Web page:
1. The Gift Economy of Creative Writing McSweeney’s, one of my favorite magazines, is currently holding a fiction contest for undergraduate and graduate students. The winner receives $500. Submitters must pay a $55 entry fee. Critic Ron Charles says the hefty fee “passes the smell test because everyone who enters gets a year-long subscription to McSweeney’s, which normally costs $60.” He’s correct about the subscription cost, but assumes students who submit work to literary magazines also subscribe to those magazines. I hope that working writers financially support literary magazines, but don’t expect the same of students. I feel guilty telling students to subscribe to literary magazines, particularly if that money is coming from their own pockets. Literary magazines typically request that submitters become familiar with their publications. They suggest writers purchase an issue, or better yet, subscribe. This mantra is repeated by writers, including myself. But such mantras, like supposed writing rules, need to be occasionally reconsidered. Of course a writer should be familiar with a magazine before submitting. But the economy of literary magazines is weak, and needs some interrogation. First of all, is it unreasonable to hope that a major American literary magazine could offer a larger monetary prize for such a high entry fee? My questions extend beyond this single contest. Should a writer submit to a literary magazine that only “pays” in contributor copies? What does it mean that we, in the literary community, have accepted lack of monetary payment as commonplace? Does literary citizenship benefit a certain class of writers and academics, particularly those on the tenure track, for whom continual publication is a professional necessity? These are exactly the type of conversations that I have in my writing classrooms--and I teach high school students. Granted, I wait until my advanced course, but from September through June, my students read widely and write often, and they also learn about the business of creative writing. Creative writing should be taught as an art, and as a business. A creative writing program that only includes the former can unwittingly reinforce romantic stereotypes of writing. A young student might major in creative writing. She could become a wonderful poet, and a well-read critic. But she needs to know that poetry doesn’t pay the bills. This is the inside joke of creative writing programs in America. We know creative writing doesn’t make money, and yet we continue to graduate talented writers with no business acumen. At best, it is misguided. At worst, it is fraudulent. Let me be clear that I do not think there is a vast creative writing conspiracy, filled with professors who don’t care about their students. I have only encountered compassionate, knowledgeable professors in this discipline. But I do think some self-reflection is in order. Few other academic programs are marketed or discussed in such spiritual terms. Writing students are given “time” to write, to find themselves. While feeling almost new age in its promises, creative writing speak retains working-class metaphors. Writers must be agrarian when they “cut the chaff.” They are to be craftsmen and craftswomen, carpenters of words. If writers are spoken to as skilled artisans, it should follow that they not only produce beautiful and useful creations, but that they also know how to sell those creations. This does not happen. It is reasonable to expect that graduates of a discipline understand the economic realities of that discipline. An apprentice artisan observes the economic realities of his or her discipline. My father and grandfather were carpenters. They built homes and remodeled bathrooms. They worked when other people slept or relaxed. They had to create things that were beautiful and useful in order to make money to help feed their families. Their profession required the synthesis of artistry and practicality. Could writers learn from carpenters? I think so, but in ways less metaphorical than literal. Charles Blackstone, the managing editor of Bookslut and author of the novel Vintage Attraction, thinks writers need to know more about the business of their art. He says during the days of postal submissions, writers often had to read “an issue or two of the publications to which they submitted, mainly due to the fact that that was largely how anyone knew about what journals were out there.” Now writers unfamiliar with the submission process can sometimes produce “absurd results.” Becoming a realist takes time. When Blackstone “was teaching, not that far from being a student myself, I believed that it was all about the art, and that beautiful sentences made work publishable, marketplace be damned, and so on. My years of publishing my own books and editing Bookslut has only reinforced the folly of this kind of romantic thinking. I now know that platform is king.” Often writers--and teachers of writing--forget “everyone still has profit and loss to consider. There's no getting around that. Without grants and donors, the literary altruists would be out of business too. There has to be a reasonable expectation that something's going to make some kind of return on investment in order to justify the risk.” When Blackstone received unsolicited submissions of book galleys from publishers, he “could fill a fairly long and wide dining table in about two weeks.” And I didn't even give my address out to a lot of publicists.” Most of those books weren’t right for Bookslut to cover. Blackstone thinks “the Internet has made publicists careless and inefficient, just as it has aspiring writers.” So what can be done? Blackstone thinks writers need to learn independently. As a writer, he “paid attention to rejections and tried to free myself from the delusion that my work was brilliant and misunderstood as quickly as possible. I worked to find my own answers.” I agree with Blackstone, and that’s a problem for me as a teacher. I know that my students have to fail to succeed. Although I was lucky to attend creative writing programs that familiarized students with the business of writing, I was never coddled. I come from a blue-collar Catholic aesthetic. There is a difference between “good works” and, well, work. You get paid money for work. That is why I cringe when I see writing “jobs” shared online, followed by the inevitable admission that “we are unable to pay.” I know young writers have to work their way up the ladder, but more often the business of writing looks like writers climbing those rungs to nowhere. It has been said that poetry, in particular, is a gift economy. Unfortunately, that gift benefits readers and writers less than it perpetuates the creative writing system, a system that makes promises it is unable to keep. 2. A Checklist for Teaching the Business of Creative Writing How can we prepare students for the reality of this profession? I spoke with other teachers who engage the business element of the art in their courses. Mary Biddinger teaches a graduate course as part of the NEOMFA (Northeast Ohio MFA) program titled “MFA Craft and Theory of Poetry: Revising, Editing, Publishing.” Biddinger finds that “revealing the working stages of a manuscript from draft to shelf” helps demystify publishing, and “shows students that revision skills, and active reading, are tools valued beyond the classroom.” She shares galley proofs of new books from the Akron Series in Poetry, as well as typeset pages from her own forthcoming books or journal publications. Writing students need to see their teachers as working writers, and to see publication as a meticulous, collaborative, and often slow process. At James Madison University, Jay Varner includes the professional world of writing in his introductory creative non-fiction course. Students read “pieces about the actual business of writing,” including “No” and “Yes” by Brian Doyle, “Diary of a Mad Fact Checker” by James Pogue, and “Seven Years as a Freelance Writer, or How to Make Vitamin Soup” by Richard Morgan. Biddinger, Varner, and all the other teachers I spoke with stressed that a “fundamental understanding of both the form [across genres] and the process of creating [literature] comes first,” but discussion of the business elements of writing is necessary to debunk myths. Varner’s students are “routinely shocked that months of work on an essay would net them $50” and contributor copies. They are also surprised to learn that “slick magazines might pay them several thousand--but once the process and time spent on a project is explained, they are surprised for other reasons.” Catherine Pierce, co-director of the creative writing program at Mississippi State University, avoids business talk in introductory courses, instead saving her “professionalization unit for the last few weeks of the semester” within an advanced poetry workshop. Students present research about a literary magazine they enjoy. Afterward, they submit a packet of poems to one of the markets researched by their peers. Pierce thinks “having this as a requirement of the class helps to alleviate the anxiety many students feel about sending out their work for the first time,” and it gives her the “opportunity to talk candidly about rejection.” This sense of toughness might be lost on a generation of students raised on rubrics. Perhaps more than any other discipline, students must learn that there is a profound difference between being a successful student writer and a successful professional writer. Students receive grades, which are meant to be reflections of growth and mastery of material. The relationship between writer and teacher and writer and editor is not comparable. Magazine editors might begin as purists, but even purists need to eat. Editors want to sell magazines, gain advertising revenue, and attract the best writers. As students, all of us have moments where we did just enough to earn a grade. Students need to know that as writers, they must be excellent to even have a shot. Kris Bigalk stresses this transition from student to independent writer in a course within Hamline University’s MFA program. Her students “develop short and long-term artist development plans, in which students identify their artistic strengths and weaknesses, ways they wish to grow as writers once they leave the program, and publication and career goals related to writing.” Many students “have a hard time leaving the role of ‘student’ and moving into the role of ‘artist,’ where they must manage their own development.” Students read biographies of writers to see how a writer’s career develops, and “how that development is often independent of the employment that sustains them.” In a lecture given to students in the Vermont College of Fine Arts MFA program, Patrick Madden and Sue William Silverman discuss this “slow and steady path” to magazine and book publication. Madden focuses on the magazine end, and advises that since so much is beyond the control of writers, they should focus on taking tangible steps. Students should read magazines for enjoyment, inspiration, but also as a form of reconnaissance. They can become part of the magazine publishing world by writing book reviews, conducting interviews, and joining the staff of a literary magazine (VCFA students work on Hunger Mountain). It helps when teachers of the business of creative writing have worked as editors. Cara Blue Adams, former editor of The Southern Review and fiction editor of The Sonora Review, teaches at Coastal Carolina University. In one graduate course, “Forms of Fiction,” students consider “how to build a writing practice and write and publish a cohesive book--as opposed to crafting individual stories.” Students examine the “publication, marketing, and critical reception of the book side-by-side with the craft of writing.” Adams notes “these questions are not directly addressed in graduate school. The assumption sometimes seems to be that simply reading books is enough to teach an apprentice writer how to write a book, and that each person must forge a writing practice and learn about the publication process for him- or herself. People sometimes say apprentice writers are not yet ready to think about publication. I disagree. Guided attention to these questions does much to help students to develop a plan to get to where they would like to be.” Her useful approach mediates between the creative and the realistic by helping “students to question how other writers have carved out time to write by reading interviews with practicing writers and studying their lives. This is often tied in interesting ways to those writers’ aesthetic choices: their chosen forms, their material, their themes. We also learn about the various economies at play in the writing world through reading and discussion. Writing doesn’t happen in an economic vacuum. Nor does publication. Studying the context in which writing is produced and [how it] finds readers allows students to productively think through the dialogue between their own lives and their writing practice.” She recommends two books as case studies: Jenny Offill’s Dept. of Speculation and Victoria Chang’s The Boss, noting “both writers have jobs aside from writing--teaching at a number of institutions, working in business--and both have children. Both reinvented their forms in light of strictures on their time. Offill wrote her novel while teaching and parenting, dismantling a more traditional novel in favor of a novel written in fragments to more accurately examine the ‘collision of art and life.’ Chang wrote her poetry collection while waiting for her daughter to finish her Saturday Chinese lessons.” These doses of reality are meant to strengthen, not dissuade, students. How can we not be honest with them? We can start by being honest with ourselves, as teachers of this discipline. Here is a checklist of 10 skills related to the business of creative writing that students should have when they graduate. Graduates of creative writing programs should be able to do the following: 1. Identify the aesthetics of contemporary literary magazines, both print and online. 2. Contribute to the production of a literary magazine or blog, either as a submission reader, editor, designer, or by marketing on social media. 3. Prepare a manuscript for magazine submission, including industry standard formatting and a cover letter, as well as gain proficiency with an electronic submission system, such as Submittable. 4. Prepare a manuscript for book submission (arranging stories/essays/poems in a collection, or writing a query letter/synopsis for novel/memoir manuscript). 5. Pitch article/essay ideas as a freelance writer. 6. Apply close reading and editing skills learned during workshops toward copyediting. 7. Identify the language of contemporary publishing (from how genres are catalogued to the differences between independent and self-publishing). 8. Prepare a résumé/CV that highlights their writing skills and experiences. 9. Write a book review. 10. Prepare proposals for panels at conferences and other events, as well as draft grants for fellowships or funding opportunities. 3. Our Responsibilities to Students There is no one path to success in creative writing, as there is no prototypical student of the discipline. Enormous demographic and pedagogical differences exist among undergraduate and graduate creative writing programs. A single classroom will contain novices and veterans. Alexander Chee, currently a visiting writer at UT Austin, recalls that when he was a student in the Iowa Writers’ Workshop, many students published in magazines, but only one or two of his peers had sold or published novels. When he returned as an instructor, two of his students had the same agent as him. Iowa’s pedigree aside, Chee’s point is well-taken. Rising writers have access to more information, faster, but they still need guidance. Chee reflects on taking a course with Annie Dillard at Wesleyan in 1989. Dillard used the “Best American anthologies as a roadmap to contemporary publishing.” She told students to see where essays or stories in the anthologies were originally published, and if the work’s style neared their own, remember the magazine as a possible market. Such legwork might seem antiquated in the days of resources like Poets & Writers and Duotrope, but I fear that ease of information has enabled laziness. In an essay on her site, “Last Lecture: Am I a writer?”, Cathy Day offers some tough love for students. Day believes a “writing apprenticeship is about 5-10 years long . . . [starting when students take] writing seriously--meaning you stop thinking of writing as homework and start incorporating it into your daily life.” I can appreciate Day’s sentiment. Often students want to simply publish a book, and do so for the wrong reasons. There is a time and place to introduce the business of writing to students, and it should not happen before they are competent storytellers. But if we don't talk about the business of creative writing, we perpetuate the myth that money always stains art. Does it often? Of course. Yet pretensions toward artistic purity hurt students. Writing can become a perpetual unpaid internship. Doing something "for the love of it" has made countless people--not the least of whom are teachers--see their generosity and good nature be rewarded with mediocre pay and respect. I owe it to my students to get them ready for the professional world of writing. If they ignore my advice, that is their problem. We should talk about money with creative writing students because, even though we wish it were different, money equals value in our culture. If you doubt that, try buying your next dinner with a well-recited poem. I need my students to know that they will likely struggle every step of this way in this business. They must be shrewd and determined and aware. But when they close the door and go to their writing desk, they must be generous, sensitive, and open to the mystery of this art. It is the responsibility of writing teachers to help students become better on the page, but also to teach them what to do with those pages. Many students will fold those pages and put them in drawers. They will be better readers and more careful thinkers, but will never publish their work. But we do owe those students who want to publish--the ones who are willing to fight--a little training for their real battles. Image: frankjuarez/flickr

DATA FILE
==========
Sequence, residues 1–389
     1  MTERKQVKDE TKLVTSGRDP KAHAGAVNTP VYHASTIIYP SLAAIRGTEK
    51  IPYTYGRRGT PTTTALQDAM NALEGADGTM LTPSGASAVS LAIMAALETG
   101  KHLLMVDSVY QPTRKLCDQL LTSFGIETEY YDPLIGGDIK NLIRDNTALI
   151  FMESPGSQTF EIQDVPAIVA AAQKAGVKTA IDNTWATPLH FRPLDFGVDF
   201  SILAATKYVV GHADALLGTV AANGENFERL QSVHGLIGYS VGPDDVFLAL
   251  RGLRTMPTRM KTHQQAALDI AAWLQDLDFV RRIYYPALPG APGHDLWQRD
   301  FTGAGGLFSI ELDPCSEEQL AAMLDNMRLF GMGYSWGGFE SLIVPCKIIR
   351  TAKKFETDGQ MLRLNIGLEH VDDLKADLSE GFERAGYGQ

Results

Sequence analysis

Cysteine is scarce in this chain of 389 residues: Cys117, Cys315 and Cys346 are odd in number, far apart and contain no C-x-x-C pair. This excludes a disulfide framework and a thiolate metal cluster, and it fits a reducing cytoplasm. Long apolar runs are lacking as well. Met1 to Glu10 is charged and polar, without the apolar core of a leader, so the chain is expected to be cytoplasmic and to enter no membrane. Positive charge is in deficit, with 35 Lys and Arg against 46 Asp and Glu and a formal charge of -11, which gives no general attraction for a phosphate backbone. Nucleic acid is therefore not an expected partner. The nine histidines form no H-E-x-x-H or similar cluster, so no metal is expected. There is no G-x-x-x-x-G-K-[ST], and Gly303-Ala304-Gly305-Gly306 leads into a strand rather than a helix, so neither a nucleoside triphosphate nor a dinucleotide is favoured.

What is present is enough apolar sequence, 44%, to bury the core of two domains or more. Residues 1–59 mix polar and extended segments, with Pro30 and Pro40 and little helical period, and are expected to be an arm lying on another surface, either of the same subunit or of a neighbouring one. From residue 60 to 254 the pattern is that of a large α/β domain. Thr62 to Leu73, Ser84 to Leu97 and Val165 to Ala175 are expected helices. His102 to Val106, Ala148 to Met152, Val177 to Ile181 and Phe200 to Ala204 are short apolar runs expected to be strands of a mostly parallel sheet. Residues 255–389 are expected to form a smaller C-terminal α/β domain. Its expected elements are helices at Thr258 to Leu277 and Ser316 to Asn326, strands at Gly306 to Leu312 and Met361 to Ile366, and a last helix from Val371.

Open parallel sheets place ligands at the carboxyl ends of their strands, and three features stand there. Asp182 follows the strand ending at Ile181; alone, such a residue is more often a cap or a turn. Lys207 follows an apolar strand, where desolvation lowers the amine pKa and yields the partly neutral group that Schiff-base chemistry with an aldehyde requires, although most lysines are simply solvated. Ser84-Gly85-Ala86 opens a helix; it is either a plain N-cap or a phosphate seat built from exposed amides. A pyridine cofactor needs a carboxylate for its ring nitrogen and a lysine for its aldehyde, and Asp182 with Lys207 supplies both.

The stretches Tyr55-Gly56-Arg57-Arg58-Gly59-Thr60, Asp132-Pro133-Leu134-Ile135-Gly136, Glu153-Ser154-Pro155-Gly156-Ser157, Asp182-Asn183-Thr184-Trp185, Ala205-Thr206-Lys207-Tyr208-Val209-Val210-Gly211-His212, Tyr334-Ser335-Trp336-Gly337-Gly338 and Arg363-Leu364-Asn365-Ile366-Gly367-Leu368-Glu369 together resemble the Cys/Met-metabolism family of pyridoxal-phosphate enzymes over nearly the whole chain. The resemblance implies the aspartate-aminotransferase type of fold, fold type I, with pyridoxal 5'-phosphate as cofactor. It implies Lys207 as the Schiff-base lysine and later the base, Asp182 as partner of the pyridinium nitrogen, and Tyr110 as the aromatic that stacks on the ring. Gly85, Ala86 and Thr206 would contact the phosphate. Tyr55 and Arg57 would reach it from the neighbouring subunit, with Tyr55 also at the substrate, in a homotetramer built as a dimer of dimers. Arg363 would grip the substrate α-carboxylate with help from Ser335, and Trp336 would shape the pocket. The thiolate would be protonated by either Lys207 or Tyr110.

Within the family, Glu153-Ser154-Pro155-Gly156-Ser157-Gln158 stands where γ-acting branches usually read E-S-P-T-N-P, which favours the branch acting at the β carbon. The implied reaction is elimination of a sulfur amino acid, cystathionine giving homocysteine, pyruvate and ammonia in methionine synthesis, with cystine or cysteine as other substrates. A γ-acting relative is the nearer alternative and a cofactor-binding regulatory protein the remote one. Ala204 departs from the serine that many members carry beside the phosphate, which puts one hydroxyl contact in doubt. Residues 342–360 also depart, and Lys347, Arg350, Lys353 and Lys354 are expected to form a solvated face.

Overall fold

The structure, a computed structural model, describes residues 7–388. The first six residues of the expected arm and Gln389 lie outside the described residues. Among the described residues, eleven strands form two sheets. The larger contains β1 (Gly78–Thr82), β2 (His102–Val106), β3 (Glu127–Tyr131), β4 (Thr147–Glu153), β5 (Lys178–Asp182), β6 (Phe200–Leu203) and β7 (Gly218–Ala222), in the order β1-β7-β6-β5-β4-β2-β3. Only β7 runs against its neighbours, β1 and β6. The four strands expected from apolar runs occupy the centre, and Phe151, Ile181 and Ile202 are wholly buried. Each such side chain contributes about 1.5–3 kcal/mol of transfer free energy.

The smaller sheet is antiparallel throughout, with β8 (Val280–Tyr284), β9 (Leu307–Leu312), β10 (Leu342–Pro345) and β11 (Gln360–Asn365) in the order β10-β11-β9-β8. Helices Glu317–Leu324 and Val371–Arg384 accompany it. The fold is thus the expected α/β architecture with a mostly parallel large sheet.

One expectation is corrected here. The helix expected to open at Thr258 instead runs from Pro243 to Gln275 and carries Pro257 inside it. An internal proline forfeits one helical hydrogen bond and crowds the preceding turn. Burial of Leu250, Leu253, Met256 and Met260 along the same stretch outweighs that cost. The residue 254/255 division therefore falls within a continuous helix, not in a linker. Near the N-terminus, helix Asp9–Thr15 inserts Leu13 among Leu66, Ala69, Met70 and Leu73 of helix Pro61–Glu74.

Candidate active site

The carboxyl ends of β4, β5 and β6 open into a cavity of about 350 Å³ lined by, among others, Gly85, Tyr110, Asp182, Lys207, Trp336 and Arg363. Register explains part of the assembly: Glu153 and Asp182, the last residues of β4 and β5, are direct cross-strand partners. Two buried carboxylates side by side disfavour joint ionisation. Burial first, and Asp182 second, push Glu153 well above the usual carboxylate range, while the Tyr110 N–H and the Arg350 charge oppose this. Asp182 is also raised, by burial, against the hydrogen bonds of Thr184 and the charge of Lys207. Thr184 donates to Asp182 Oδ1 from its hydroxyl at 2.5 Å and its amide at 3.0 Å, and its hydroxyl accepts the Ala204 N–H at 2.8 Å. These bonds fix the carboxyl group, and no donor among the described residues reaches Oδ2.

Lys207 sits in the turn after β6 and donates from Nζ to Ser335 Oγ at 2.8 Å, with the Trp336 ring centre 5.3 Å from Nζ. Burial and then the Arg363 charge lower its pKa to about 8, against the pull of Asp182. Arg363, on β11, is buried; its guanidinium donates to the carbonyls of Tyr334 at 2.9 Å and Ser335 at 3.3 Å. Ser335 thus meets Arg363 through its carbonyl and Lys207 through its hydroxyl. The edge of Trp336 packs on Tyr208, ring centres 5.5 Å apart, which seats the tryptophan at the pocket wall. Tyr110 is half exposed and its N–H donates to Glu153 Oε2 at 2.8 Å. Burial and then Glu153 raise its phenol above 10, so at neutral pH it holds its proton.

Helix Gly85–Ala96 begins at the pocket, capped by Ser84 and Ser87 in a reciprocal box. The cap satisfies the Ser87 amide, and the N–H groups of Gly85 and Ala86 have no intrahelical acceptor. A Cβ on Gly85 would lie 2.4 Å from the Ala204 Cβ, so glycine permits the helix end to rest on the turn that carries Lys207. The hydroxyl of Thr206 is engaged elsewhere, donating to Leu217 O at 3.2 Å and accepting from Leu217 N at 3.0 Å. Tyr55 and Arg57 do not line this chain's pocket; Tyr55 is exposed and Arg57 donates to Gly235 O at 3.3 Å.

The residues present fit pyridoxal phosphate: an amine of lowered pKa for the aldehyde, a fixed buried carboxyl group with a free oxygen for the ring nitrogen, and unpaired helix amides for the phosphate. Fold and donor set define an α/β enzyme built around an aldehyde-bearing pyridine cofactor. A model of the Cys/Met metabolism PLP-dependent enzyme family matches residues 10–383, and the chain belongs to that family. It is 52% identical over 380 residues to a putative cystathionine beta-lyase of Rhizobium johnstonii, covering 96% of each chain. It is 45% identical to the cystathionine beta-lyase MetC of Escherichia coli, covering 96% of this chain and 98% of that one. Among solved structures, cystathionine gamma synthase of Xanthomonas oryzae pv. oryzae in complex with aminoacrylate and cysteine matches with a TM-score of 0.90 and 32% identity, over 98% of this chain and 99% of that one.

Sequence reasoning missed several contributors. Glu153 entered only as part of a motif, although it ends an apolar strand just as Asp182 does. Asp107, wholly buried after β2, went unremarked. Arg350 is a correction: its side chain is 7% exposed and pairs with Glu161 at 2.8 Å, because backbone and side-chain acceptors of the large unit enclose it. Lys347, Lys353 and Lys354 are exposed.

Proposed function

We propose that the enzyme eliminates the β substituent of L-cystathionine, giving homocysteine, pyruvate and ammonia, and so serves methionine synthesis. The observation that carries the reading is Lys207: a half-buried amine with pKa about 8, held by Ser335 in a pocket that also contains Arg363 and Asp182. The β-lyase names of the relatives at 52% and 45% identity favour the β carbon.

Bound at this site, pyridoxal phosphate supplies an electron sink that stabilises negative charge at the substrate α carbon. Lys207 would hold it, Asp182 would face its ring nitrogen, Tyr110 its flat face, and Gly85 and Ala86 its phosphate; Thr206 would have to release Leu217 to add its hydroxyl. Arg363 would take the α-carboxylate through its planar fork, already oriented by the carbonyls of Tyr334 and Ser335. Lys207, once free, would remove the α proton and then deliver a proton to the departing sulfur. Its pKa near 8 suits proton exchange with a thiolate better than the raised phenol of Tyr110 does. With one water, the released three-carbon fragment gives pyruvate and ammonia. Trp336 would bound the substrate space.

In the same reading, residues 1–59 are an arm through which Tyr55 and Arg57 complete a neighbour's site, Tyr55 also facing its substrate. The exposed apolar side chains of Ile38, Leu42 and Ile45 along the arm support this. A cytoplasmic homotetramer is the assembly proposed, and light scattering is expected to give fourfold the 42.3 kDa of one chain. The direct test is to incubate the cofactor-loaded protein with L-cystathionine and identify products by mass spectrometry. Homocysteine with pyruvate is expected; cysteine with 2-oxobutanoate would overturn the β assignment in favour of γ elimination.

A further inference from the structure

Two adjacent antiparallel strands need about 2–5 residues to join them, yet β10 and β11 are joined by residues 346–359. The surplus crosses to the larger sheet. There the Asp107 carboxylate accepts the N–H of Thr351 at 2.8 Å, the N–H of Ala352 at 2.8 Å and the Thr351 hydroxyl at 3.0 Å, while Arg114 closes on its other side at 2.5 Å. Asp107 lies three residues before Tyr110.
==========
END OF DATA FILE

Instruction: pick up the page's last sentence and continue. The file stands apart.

Notable Articles, Quick Hits